LiveScience.com ^ | Nov 1, 2018 | Kimberly Hickok, Reference Editor
    Scientists at Lawrence Livermore National Laboratory in California suspect that midsize black holes might be just the right size to provide enough gravitational force to reignite a dead white dwarf star — the stellar corpse of a star that's about the mass of the sun and that's used up its nuclear fuel. To test their idea, the team members ran supercomputer simulations of dozens of different close-encounter scenarios between these dead stars and midsize black holes. Every time a white dwarf got close to the Goldilocks black hole, the star reignited. The gravitational force from the black hole would cause the...
  • Rocket launch from Wallops Flight Facility to be visible up and down the East Coast

    11/10/2018 9:43:08 PM PST · by BenLurkin · 6 replies
    On Thursday, November 15, ...NASA’s Wallops Flight Facility and Virginia’s Mid-Atlantic Regional Spaceport will support the launch of Northrop Grumman’s Antares rocket and Cygnus cargo spacecraft, which will bring crew supplies and hardware including science and research materials, to the International Space Station. The rocket is set to launch at 4:49 a.m. The area directly around Wallops Island will have the best visibility — Wallops and Chincoteague will be able to see the rocket in the sky within 10 seconds of launch. 30 seconds after launch, Maryland and Virginia’s eastern shores will be able to see it, and within one...
  • Not all the Earth’s Water Came From Comets

    11/10/2018 10:32:24 AM PST · by LibWhacker · 47 replies
    Universe Today ^ | 11/9/18 | Evan Gough
    Posted on November 9, 2018November 9, 2018 by Evan Gough Not all the Earth’s Water Came From Comets We have comets and asteroids to thank for Earth’s water, according to the most widely-held theory among scientists. But it’s not that cut-and-dried. It’s still a bit of a mystery, and a new study suggests that not all of Earth’s water was delivered to our planet that way.Hydrogen is the most abundant element in the universe, and it’s at the center of the question surrounding Earth’s water. This new study was co-led by Peter Buseck, Regents’ Professor in the School of...
  • How to Watch a Near-Earth Asteroid Zoom Closer to Earth than the Moon

    11/09/2018 6:56:14 PM PST · by BenLurkin · 31 replies
    Live Science ^ | November 9, 2018 06:14pm ET | Laura Geggel
    Three chunky asteroids will zoom by Earth this weekend, and one of them is getting closer to our planet than the moon itself. On Saturday (Nov. 10), the near-Earth asteroid 2018 VX1 will zip within about 236,100 miles (380,000 kilometers) of Earth. That's closer than the moon, which hangs out about 238,900 miles (384,400 km) away as it orbits Earth. Gianluca Masi, founder and director of the Virtual Telescope Project in Italy, which is live-streaming the celestial show online here starting at 1 p.m. EST (18:00 UTC) on Saturday. … People here on Earth will be able to see the...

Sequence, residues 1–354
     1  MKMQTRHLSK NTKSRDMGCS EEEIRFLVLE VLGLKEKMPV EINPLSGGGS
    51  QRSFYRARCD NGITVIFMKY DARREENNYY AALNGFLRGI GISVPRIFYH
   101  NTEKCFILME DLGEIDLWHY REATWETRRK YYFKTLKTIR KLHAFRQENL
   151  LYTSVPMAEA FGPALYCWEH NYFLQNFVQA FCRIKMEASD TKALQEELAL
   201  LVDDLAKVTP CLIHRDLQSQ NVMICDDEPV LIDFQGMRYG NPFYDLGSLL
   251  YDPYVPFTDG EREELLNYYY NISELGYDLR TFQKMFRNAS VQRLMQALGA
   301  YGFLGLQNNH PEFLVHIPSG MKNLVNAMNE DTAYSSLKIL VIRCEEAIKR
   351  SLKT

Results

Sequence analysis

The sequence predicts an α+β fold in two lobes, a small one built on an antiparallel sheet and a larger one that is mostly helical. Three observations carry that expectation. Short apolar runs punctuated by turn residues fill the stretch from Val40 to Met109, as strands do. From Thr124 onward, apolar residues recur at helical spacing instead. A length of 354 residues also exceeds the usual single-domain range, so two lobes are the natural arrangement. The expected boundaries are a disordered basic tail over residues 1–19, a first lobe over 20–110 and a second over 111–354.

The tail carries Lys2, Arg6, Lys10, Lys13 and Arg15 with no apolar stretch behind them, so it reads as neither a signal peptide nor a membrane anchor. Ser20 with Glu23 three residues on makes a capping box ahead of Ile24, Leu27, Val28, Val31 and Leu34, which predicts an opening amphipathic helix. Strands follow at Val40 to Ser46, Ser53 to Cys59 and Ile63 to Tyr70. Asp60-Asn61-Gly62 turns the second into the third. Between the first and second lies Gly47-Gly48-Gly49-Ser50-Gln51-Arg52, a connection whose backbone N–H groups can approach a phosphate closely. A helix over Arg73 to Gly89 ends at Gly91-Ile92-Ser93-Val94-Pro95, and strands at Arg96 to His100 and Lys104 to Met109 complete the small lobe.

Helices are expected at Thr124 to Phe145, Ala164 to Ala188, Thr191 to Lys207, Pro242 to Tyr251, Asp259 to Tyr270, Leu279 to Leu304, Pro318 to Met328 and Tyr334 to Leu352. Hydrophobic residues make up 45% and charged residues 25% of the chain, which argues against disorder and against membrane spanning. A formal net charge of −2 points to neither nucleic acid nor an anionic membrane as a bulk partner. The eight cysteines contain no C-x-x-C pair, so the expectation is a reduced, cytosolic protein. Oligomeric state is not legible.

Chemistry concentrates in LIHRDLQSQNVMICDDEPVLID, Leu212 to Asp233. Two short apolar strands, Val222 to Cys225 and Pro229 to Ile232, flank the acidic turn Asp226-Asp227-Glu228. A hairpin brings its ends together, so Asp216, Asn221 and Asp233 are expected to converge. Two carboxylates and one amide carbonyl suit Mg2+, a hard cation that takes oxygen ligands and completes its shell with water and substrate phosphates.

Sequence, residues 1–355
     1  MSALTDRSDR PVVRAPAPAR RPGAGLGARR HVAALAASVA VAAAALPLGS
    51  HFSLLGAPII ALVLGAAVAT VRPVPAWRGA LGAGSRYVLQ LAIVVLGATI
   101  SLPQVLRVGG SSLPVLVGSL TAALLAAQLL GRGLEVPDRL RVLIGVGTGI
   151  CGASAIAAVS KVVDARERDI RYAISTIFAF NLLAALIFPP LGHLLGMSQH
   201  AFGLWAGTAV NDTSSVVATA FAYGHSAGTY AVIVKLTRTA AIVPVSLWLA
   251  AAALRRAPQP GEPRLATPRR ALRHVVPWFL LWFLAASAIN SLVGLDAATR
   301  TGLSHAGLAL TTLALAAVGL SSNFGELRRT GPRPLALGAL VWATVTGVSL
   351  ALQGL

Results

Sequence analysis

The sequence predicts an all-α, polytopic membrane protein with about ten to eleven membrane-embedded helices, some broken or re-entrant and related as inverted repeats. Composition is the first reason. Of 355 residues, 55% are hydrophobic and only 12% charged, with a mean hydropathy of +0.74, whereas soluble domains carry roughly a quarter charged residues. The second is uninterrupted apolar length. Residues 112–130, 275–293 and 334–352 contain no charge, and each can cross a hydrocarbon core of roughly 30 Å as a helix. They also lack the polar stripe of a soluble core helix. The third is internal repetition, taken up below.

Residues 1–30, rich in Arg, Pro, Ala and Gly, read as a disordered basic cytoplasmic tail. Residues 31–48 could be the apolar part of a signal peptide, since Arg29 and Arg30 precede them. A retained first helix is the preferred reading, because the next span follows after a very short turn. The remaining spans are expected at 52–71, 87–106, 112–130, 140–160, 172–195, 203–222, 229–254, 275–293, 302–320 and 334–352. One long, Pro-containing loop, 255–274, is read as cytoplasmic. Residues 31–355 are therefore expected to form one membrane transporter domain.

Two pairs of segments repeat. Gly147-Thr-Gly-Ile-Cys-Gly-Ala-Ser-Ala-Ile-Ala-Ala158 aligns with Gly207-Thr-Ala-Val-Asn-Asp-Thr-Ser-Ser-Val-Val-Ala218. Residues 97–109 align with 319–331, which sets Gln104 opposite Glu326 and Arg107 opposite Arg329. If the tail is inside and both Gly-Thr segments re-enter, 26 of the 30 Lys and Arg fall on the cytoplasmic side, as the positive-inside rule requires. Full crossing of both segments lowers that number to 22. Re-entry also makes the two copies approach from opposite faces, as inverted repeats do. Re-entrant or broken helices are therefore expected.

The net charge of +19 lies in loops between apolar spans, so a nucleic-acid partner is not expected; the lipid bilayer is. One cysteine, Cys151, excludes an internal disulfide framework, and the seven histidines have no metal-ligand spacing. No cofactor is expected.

• Future Spacesuits Should Be Beautiful — and Not Just for Space. Here's Why

    11/09/2018 9:43:03 AM PST · by ETL · 44 replies
    Space.com ^ | Nov 8, 2018 | Meghan Bartels, Space.com Senior Writer
    The stereotypical image of an astronaut is shaped by their spacesuit, with its puffy, white body and boxy backpack holding the life-support system. Dava Newman, an aerospace engineer at the Massachusetts Institute of Technology, wants to change that. She is designing what she hopes will be the next generation of spacesuits — which will give the life-saving devices the bulk and style of something more like athletic or camping equipment. "We're going to Mars not to sit in the habitat — we're going there to explore," Newman said. "We don't want you to fight the suit. We want you to...
  • Stephen Hawking’s wheelchair sells for $393,000 at auction

    11/08/2018 11:22:35 AM PST · by Olog-hai · 21 replies
    Associated Press ^ | November 8, 2018
    A wheelchair used by physicist Stephen Hawking has sold at auction for almost £300,000 ($393,000), while a copy of his doctoral thesis fetched almost £585,000 ($767,000), auctioneer Christie’s said Thursday. The motorized chair, used by Hawking after he was paralyzed with motor neuron disease, raised £296,750 in a Christie’s online auction. It had been expected to fetch up to £15,000. Proceeds from the chair’s sale will go to two charities, the Stephen Hawking Foundation and the Motor Neurone Disease Association. Hawking’s 1965 Cambridge University thesis, “Properties of Expanding Universes,” sold for £584,750, more than three times its pre-sale estimate, in...
  • [NASA orbiter] Juno Spots 'Wave Trains' in Jovian [Jupiter] Atmosphere

    11/08/2018 8:18:23 AM PST · by ETL · 12 replies
    Sci-News.com ^ | Nov 6, 2018 | News Staff / Source
    NASA’s Juno orbiter has detected ‘wave trains’ — massive structures of moving air that appear like waves — in the atmosphere of Jupiter Wave trains are towering atmospheric structures that trail one after the other as they roam Jupiter.They were first detected by NASA’s Voyager missions during their flybys of the giant planet in 1979.“Juno’s imager called the JunoCam has counted more distinct wave trains than any other spacecraft mission since Voyager,” said Juno team member Dr. Glenn Orton, of NASA’s Jet Propulsion Laboratory.“The trains, which consist of as few as two waves and as many as several dozen, can...